• As mentioned, one or more sensor electrodes may also be located on the device 156 that is inserted into the patient's body. Such sensors can be utilized in conjunction with the non-invasive sensors in the array 164 for mapping electrical activity for an endocardial surface, such as the wall of a heart chamber, as well as for an epicardial envelope. The measurement system 166 can include appropriate controls and signal processing circuitry 168 for providing corresponding non-invasive electrical measurement data 169, which can be stored as part of the electrical measurement data 170 with the intracardiac electrical data 160. The measurement data 170 can include analog and/or digital information. The system 150 can also employ geometry data (e.g., corresponding to geometry data 58) 172 in combination with the non-invasive data 169, such as disclosed herein.
  • The non-invasive measurement control 168 can also be configured to control the data acquisition process (e.g., sample rate, line filtering) for measuring electrical activity and providing the non-invasive measurement data 169 for each of a plurality of locations, which are specified by the geometry data. In some examples, the control 168 can control acquisition of measurement data 170 separately from the therapy system operation, such as in response to a user input. In other examples, the measurement data 170 can be acquired concurrently with and in synchronization with delivering therapy, such as to detect electrical activity of the heart 152 that occurs in response to applying a given therapy (e.g., according to therapy parameters) or specific signals applied for purposes of localization. For instance, appropriate time stamps can be utilized for indexing the temporal relationship between the respective measurement data 160 and 169 and delivery of therapy.
  • The analysis and output system 162 can be programmed to implement an electrogram reconstruction engine 180 and a map generator 182 for producing electroanatomic maps. By way of example, electrogram reconstruction 180 can be programmed to compute an inverse solution and provide corresponding reconstructed electrograms (e.g., corresponding to non-invasive electroanatomic data 12 or 60) based on the non-invasive data 169 and the geometry data 172. The geometry data 172 that is utilized by the electrogram reconstruction 180 can correspond to actual patient anatomical geometry, a preprogrammed generic model or a combination thereof (e.g., a model that is modified based on patient anatomy). The reconstructed electrograms thus can correspond to electrocardiographic activity across a cardiac envelope, and can include static (three-dimensional at a given instant in time) and/or be dynamic (e.g., four-dimensional map that varies over time).
  • Examples of inverse algorithms that can be utilized by the reconstruction engine 180 in the system 150 include those disclosed in the U.S. Pat. Nos. 7,983,743 and 6,772,004, which are incorporated herein by reference. The reconstruction engine 180 thus can reconstruct the body surface electrical activity measured via the sensor array 164 onto a multitude of locations on a cardiac envelope (e.g., greater than 1000 locations, such as about 2000 locations or more). In other examples, the analysis and output system 162 can compute electrical activity over a sub-region of the heart based on electrical activity measured directly and invasively, such as via the device 156 (e.g., including a basket catheter or other form of measurement probe). As mentioned, the direct measurements may also constrain the computation implemented by the reconstruction 180.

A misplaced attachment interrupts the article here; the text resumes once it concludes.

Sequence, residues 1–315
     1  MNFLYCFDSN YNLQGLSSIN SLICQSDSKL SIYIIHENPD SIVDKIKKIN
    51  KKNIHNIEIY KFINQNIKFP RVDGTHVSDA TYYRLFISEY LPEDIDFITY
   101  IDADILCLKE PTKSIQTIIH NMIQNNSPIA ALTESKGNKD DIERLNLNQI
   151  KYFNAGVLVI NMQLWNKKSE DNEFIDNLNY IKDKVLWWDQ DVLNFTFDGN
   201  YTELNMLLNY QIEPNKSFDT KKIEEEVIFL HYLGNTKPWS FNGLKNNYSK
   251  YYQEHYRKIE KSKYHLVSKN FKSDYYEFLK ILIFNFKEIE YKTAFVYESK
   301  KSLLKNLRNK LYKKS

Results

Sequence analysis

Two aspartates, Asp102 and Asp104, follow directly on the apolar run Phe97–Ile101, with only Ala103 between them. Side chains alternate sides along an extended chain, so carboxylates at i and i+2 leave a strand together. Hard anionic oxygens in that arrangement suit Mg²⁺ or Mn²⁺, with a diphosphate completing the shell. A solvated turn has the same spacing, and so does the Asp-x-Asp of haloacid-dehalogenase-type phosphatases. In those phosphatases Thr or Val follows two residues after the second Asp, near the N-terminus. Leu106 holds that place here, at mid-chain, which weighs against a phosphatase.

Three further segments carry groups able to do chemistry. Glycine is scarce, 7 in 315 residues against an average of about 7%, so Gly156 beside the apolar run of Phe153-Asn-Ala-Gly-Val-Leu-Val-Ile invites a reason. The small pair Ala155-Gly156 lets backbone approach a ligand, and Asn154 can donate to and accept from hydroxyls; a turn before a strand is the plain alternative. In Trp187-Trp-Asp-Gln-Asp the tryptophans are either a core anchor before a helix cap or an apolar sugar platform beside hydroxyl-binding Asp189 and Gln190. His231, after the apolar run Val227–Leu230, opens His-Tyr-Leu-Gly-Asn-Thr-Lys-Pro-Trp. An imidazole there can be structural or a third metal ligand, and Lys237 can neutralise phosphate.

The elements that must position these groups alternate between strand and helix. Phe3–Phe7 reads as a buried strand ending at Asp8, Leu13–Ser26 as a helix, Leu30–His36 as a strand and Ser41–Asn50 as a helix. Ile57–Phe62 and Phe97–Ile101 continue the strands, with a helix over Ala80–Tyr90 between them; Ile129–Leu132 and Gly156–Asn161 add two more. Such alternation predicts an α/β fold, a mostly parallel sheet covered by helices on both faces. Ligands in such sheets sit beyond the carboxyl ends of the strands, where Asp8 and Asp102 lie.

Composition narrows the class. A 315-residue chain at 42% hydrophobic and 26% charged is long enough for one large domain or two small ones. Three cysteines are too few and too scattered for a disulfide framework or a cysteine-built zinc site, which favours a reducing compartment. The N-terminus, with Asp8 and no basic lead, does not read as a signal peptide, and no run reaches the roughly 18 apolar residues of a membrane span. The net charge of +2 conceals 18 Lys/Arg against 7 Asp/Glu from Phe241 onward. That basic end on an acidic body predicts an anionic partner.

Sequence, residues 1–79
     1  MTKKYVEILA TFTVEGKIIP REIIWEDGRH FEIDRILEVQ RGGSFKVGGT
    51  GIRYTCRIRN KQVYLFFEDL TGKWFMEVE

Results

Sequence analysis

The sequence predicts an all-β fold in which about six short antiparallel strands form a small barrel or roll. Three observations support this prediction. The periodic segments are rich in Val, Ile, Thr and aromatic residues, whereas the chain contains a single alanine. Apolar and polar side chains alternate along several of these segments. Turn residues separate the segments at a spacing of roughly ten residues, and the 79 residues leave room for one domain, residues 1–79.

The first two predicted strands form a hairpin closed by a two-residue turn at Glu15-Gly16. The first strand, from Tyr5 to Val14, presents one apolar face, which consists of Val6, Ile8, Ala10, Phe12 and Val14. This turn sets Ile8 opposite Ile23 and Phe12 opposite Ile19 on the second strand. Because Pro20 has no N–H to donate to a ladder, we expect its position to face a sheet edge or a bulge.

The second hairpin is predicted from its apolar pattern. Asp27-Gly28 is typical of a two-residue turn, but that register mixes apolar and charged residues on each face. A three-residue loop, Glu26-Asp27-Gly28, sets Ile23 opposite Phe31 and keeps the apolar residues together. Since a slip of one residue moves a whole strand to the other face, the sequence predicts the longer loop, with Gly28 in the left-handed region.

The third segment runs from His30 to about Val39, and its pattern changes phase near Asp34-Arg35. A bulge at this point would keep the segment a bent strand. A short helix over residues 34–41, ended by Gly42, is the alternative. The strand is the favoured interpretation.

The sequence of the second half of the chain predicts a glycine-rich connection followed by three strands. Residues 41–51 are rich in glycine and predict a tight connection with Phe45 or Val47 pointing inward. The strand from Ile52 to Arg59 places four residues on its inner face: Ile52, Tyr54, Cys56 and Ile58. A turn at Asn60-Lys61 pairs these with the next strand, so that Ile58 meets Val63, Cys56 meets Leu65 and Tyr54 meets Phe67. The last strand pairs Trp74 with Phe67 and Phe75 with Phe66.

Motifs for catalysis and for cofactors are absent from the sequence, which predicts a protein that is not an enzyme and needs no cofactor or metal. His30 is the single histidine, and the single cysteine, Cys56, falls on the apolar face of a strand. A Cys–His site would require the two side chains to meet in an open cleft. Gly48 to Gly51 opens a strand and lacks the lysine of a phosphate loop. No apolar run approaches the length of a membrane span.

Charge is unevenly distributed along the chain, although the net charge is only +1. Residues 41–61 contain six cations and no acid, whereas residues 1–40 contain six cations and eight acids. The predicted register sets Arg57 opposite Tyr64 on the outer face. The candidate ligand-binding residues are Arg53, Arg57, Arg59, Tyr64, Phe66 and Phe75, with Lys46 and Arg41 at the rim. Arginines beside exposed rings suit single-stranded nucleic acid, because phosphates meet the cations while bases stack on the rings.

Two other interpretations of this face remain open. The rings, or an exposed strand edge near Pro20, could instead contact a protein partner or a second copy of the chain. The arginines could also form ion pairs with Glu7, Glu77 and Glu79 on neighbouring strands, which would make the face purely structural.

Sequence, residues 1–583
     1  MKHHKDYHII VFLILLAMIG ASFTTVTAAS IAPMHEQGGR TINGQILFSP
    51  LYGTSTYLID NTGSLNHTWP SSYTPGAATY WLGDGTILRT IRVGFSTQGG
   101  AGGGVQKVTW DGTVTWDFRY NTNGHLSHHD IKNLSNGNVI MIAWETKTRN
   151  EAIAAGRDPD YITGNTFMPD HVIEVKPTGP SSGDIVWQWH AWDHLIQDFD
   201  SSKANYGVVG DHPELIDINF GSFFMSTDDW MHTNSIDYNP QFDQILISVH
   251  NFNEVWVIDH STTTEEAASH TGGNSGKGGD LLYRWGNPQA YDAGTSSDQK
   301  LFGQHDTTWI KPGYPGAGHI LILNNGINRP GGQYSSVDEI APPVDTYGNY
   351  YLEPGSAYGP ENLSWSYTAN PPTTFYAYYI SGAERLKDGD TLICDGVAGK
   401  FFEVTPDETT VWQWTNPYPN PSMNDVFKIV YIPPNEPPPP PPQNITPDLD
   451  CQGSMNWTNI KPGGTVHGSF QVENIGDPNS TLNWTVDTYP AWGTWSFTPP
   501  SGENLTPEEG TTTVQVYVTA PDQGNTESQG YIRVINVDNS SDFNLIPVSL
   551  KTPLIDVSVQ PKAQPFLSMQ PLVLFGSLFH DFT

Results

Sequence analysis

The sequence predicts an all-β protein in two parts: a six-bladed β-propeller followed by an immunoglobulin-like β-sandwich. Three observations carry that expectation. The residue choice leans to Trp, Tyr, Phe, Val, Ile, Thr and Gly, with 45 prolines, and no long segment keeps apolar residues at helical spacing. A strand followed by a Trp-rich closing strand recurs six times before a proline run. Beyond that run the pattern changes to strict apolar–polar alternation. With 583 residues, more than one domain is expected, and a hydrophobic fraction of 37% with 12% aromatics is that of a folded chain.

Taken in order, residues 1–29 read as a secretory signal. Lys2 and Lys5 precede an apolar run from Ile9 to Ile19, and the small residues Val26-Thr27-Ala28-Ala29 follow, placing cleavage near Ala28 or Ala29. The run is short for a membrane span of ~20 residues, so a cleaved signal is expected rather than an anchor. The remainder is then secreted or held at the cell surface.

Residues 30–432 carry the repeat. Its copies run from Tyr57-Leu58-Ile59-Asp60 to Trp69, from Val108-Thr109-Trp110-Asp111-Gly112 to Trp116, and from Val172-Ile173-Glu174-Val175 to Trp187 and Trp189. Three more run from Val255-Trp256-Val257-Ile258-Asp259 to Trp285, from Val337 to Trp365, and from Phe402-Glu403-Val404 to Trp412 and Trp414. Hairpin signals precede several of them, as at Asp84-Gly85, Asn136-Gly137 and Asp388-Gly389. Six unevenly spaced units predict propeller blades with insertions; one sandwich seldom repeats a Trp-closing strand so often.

• As a further example, the geometry data 172 that is utilized by the reconstruction engine 180 may include a graphical representation of the patient's torso, such as image data acquired for the patient. For example, the geometry data 172 can be acquired using nearly any imaging modality (e.g., CT, MRI, ultrasound, xray or the like) based on which the corresponding representation of the cardiac envelope can be constructed, such as described herein. Such imaging may be performed concurrently with recording the electrical activity that is utilized to generate the electrical measurement data 170 or the imaging can be performed separately (e.g., before or after the measurement data has been acquired). For instance, such image processing can include extraction and segmentation of anatomical features, including one or more organs and other structures, from a digital image set. Additionally, a location for each of the electrodes in the sensor array 164 can be included in the geometry data 172, such as by acquiring the image while the electrodes are disposed on the patient and identifying the electrode locations in a coordinate system through appropriate extraction and segmentation. Other non-imaging based techniques can also be utilized to obtain the position of the electrodes in the sensor array in the coordinate system, such as a digitizer or manual measurements.
  • The geometry data 172 can further correspond to a mathematical model, such as can be a generic model or a model that has been constructed based on image data for the patient. Appropriate anatomical or other landmarks, including locations for the electrodes in the sensor array 164 can be identified in the geometry data 172 for display in conjunction with computed location information for the device. The identification of such landmarks and can be done manually (e.g., by a person via image editing software) or automatically (e.g., via image processing techniques).